Johann Christian Strenge (October 24, 1757 – 1825) was an American fraktur artist.
The unaccompanied son of Johann Henrich Strenge and his wife, Maria Catharina Romer, Strenge was a indigenous of the village of Altenhasungenin Hesse. He became one of many Hessians who served the British crown in the American Revolution, Strenge enlisted in 1776 and, under the command of Johann Rall, arrived in New York in August of that year. Taken prisoner in the aftermath of the Battle of Trenton, he was innovative released to the British. By the era his military unit had been discharged in 1783, he had deserted. He involve to Hempfield in Lancaster County, Pennsylvania; he married and had a daughter, but both wife and child died. With his second wife he would have five children. The intimates moved in the 1790s to East Petersburg, Pennsylvania, where he began a teaching career; he taught at least one term in Chester County as well. He worked as a scrivener as well, and in 1811 was named justice of the peace.
Although he himself had been baptized in the Reformed Church, Stenge was a schoolmaster for the Mennonite community, which informed the style of his fraktur; he produced writing samples, family records, Bible entries, bookplates, and a variety of presentation pieces. From Christian Alsdorff he learned the tradition of making books of musical notation. He as a consequence made baptismal archives for Lutheran and Reformed neighbors. His presentation pieces incorporate symbols such as flora and fauna and hearts, as competently as sayings. Strenge as well as produced complex adore letters meant for pubescent men to pay for to juvenile women; also enduring is an image of the Crucifixion. His paintings are distinguished by their color scheme, incorporating capable oranges and reds.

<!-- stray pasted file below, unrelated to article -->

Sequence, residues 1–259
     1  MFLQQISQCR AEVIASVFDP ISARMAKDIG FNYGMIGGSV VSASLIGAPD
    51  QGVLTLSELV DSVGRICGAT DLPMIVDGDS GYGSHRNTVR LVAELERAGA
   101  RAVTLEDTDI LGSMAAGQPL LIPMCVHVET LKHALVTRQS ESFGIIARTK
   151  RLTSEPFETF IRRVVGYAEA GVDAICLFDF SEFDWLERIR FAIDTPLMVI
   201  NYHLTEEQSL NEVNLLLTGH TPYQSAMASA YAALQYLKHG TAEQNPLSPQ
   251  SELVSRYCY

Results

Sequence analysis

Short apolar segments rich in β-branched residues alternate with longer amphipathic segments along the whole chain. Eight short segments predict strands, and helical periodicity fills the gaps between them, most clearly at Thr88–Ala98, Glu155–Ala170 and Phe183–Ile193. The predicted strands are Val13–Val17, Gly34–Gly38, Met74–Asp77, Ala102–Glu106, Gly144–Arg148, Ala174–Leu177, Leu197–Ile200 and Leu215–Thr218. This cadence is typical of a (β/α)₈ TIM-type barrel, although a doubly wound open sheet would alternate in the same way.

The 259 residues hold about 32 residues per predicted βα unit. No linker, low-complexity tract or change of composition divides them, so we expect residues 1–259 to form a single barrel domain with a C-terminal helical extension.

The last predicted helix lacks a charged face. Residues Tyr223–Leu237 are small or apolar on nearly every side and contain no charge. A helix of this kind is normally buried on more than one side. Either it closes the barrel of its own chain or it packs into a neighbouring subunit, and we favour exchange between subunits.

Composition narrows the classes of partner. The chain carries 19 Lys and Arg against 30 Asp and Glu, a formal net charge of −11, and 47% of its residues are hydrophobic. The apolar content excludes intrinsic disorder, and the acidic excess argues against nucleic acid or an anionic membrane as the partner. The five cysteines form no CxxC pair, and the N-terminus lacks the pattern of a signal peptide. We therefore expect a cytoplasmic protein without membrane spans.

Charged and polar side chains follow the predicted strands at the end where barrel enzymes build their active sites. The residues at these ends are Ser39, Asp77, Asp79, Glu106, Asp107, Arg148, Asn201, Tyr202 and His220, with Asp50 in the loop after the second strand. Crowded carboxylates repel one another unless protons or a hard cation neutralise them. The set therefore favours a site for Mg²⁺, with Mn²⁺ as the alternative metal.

One of Strenge's love letters is held by the American Folk Art Museum. Three pieces are in the stock of the Winterthur Museum.